The Stanly News and Press (Albemarle, NC)

Features

March 5, 2012

‘From Prison To PH.D.’

Professor details rough childhood, homelessness, incarceration before Momentum, others at SCC

Monday, March 5, 2012 — Momentum, the Stanly Community College (SCC) Men of Color Mentoring Program, and the student government association welcomed guest speaker Dr. Nkrumah Lewis on Wednesday.

At noon Andell McCoy, counselor and coordinator of Momentum at SCC, opened up the lecture by explaining why there is a Men of Color Mentoring Program.

She then turned the event over to Lewis.

Lewis began by talking about his childhood and the abuse that he received from his father. Lewis’ youngest memories are of his father hitting him and beating his mother. He also remembers his father punching him in the face at the dinner table and calling him ugly.

One day when Lewis’ mom was being beaten he snuck away and called the police. When the police arrived his father stepped out onto the porch and the police left. At that time Lewis knew his father was the preacher, but he was unaware that he was also the magistrate.

At one point he went to a trusted teacher. The teacher quickly took him to the school’s resource officer. The officer knew who his father was so Lewis gave up on telling him.

Lewis recalled lying in bed at night listening to his mother being beat and talking to his younger brother about ways to kill his father. Lewis had gotten in trouble so his father picked up a fire poker and hit him in the back of the head with it. Lewis decided at that moment to fight back. At that point his father kicked him out of the house. He was 16 years old.

Being a homeless 16-year-old, Lewis began hanging out in a gang. Lewis spent most of his time sleeping in cars, breaking into houses that were under construction and hanging out in the projects. Desperate to have money, he started selling powder cocaine and heroin.

The gang started robbing people and shooting at the police. Lewis even witnessed a fellow gang member kill himself. Not everything in Lewis’ life was bad. At 17 he graduated from high school with honors and then joined the Marines. When he graduated from boot camp, his parents showed up and all he could think about was how much he wanted to kill his father.

Lewis was stationed at Camp Lejeune and was then arrested after being accused of killing a man in Kinston. Lewis explained the process of being arrested and the humiliation he felt.

“There is nothing manly about prison and having to spread your cheeks for another man to check for weapons,” Lewis said before a packed auditorium at SCC.

Held in a maximum security prison, on one side of his cell was a man who had killed a lot of children and on the other side was a man that had caught his wife cheating, killed her and beheaded his best friend.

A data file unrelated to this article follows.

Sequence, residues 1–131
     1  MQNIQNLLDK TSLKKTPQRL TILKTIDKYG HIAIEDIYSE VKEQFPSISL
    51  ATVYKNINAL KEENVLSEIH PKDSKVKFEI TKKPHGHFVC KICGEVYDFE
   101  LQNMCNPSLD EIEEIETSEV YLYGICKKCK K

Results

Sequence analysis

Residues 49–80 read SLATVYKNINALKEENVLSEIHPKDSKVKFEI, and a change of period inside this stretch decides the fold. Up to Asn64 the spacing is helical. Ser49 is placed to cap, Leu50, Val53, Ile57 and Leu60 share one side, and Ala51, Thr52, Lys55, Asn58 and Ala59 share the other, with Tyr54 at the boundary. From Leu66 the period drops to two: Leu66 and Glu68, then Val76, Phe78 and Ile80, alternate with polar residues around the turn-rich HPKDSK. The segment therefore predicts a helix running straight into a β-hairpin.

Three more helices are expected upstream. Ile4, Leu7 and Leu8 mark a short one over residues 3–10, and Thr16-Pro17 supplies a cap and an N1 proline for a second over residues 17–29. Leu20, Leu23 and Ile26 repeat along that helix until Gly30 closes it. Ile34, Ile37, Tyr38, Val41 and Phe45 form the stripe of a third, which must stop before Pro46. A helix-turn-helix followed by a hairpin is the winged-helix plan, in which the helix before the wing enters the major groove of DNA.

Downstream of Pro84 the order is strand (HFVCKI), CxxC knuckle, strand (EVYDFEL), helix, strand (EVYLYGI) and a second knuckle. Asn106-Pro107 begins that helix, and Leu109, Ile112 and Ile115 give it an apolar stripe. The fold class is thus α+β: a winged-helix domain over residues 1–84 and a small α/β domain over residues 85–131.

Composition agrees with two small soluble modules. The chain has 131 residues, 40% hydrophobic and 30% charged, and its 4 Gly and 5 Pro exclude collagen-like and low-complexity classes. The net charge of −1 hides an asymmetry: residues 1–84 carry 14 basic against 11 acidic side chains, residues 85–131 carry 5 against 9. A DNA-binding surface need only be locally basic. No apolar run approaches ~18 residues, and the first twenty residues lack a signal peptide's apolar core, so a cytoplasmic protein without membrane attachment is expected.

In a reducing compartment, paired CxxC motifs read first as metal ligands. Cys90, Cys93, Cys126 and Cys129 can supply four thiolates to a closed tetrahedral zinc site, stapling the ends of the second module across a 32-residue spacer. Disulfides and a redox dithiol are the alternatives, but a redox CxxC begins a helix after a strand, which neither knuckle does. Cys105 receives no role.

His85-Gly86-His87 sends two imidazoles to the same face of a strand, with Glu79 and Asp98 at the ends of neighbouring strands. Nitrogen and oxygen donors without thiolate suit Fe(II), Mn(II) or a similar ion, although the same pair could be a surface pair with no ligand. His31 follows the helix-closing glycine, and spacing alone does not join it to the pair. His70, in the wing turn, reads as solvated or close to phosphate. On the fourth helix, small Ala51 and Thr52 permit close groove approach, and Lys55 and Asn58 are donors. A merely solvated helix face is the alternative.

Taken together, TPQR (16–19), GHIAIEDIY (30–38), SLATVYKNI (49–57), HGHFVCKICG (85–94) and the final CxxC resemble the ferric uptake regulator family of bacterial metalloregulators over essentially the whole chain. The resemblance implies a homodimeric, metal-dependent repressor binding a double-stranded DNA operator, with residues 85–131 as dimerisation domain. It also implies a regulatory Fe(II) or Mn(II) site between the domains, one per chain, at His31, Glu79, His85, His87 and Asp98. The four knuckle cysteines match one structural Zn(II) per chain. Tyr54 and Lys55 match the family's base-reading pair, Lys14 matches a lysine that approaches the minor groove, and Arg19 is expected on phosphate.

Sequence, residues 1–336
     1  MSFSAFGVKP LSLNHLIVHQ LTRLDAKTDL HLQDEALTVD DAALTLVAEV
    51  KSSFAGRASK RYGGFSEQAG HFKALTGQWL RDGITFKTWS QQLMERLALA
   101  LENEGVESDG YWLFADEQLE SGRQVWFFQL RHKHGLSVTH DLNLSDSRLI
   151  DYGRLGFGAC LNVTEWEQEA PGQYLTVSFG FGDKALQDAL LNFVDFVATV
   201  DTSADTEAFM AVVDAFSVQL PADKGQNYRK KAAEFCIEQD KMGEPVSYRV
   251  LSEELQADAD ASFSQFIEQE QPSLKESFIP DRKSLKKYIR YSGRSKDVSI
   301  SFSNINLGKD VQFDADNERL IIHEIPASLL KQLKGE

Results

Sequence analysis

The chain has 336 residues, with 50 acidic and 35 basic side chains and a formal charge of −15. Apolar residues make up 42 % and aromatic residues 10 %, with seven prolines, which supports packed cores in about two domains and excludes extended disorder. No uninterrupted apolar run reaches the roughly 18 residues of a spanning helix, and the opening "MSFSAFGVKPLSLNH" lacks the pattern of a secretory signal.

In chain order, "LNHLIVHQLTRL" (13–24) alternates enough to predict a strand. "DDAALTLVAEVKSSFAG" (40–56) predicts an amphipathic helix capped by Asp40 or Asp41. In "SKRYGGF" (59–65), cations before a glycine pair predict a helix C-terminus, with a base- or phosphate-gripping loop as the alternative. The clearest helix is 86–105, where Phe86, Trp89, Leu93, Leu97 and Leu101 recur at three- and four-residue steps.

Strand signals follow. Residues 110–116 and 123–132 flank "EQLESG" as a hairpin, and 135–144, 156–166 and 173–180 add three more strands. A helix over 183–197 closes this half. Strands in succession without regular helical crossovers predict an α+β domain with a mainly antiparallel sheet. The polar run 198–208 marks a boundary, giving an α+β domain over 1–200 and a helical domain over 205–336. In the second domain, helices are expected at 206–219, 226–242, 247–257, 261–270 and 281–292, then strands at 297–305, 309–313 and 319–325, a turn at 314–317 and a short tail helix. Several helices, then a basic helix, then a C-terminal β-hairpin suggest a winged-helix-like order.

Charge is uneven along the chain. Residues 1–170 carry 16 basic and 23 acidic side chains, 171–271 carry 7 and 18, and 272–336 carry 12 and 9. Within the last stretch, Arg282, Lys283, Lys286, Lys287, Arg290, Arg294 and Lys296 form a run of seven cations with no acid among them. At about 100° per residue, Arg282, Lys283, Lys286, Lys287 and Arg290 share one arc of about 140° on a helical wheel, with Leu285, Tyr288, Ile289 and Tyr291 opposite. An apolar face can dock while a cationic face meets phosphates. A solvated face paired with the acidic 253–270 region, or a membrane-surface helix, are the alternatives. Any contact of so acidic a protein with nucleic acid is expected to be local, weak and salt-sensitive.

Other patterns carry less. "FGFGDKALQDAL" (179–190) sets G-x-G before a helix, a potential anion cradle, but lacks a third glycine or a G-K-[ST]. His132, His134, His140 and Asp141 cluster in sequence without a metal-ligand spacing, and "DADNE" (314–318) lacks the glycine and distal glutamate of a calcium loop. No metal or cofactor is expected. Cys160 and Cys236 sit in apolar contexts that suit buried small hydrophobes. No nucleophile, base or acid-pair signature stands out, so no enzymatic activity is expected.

He recalled the sounds that he heard while in prison.

During his stay in prison, many of the inmates passed Lewis books and he was able to apply to college.

After a ballistics test proved he was innocent in the shooting he was released from the prison. After being released he still faced charges of robbery in four different counties. He had to face 65 charges in Orange County alone. His cousin took full responsibility on many of the charges because Lewis had a baby on the way and he had gotten into college.

By the time Lewis was done facing the charges, his son had been born. He asked the mother of his child if he could have custody and she agreed. In the fall of that year he started college at the University of North Carolina at Greensboro. His son lived with him in the residence halls on campus.

Lewis, now a sociology professor at Winston-Salem State University, discusses all of these topics in his novel “Becoming a Bufferfly: From Prison to PhD.”

Lewis believes this novel is about forgiving.

“Sometimes you have to be the bigger person, so that you can have closure,” Lewis said.

Lewis continues to talk to churches, civic organizations, schools and prisons to deliver his mission. He believes it is his destiny to help others.

“There are so many things in society that bother me. Ph.D. isn’t the end for me. If someone is in a gang or being abused, then there is still something for me to do,” Lewis said.  

The novel can be purchased online or in most bookstores. Lewis said his book is written in the stages of a butterfly and how a person transforms. Lewis also explained how he doesn’t hold anything back in the book.

“This book is me being naked for everybody.”

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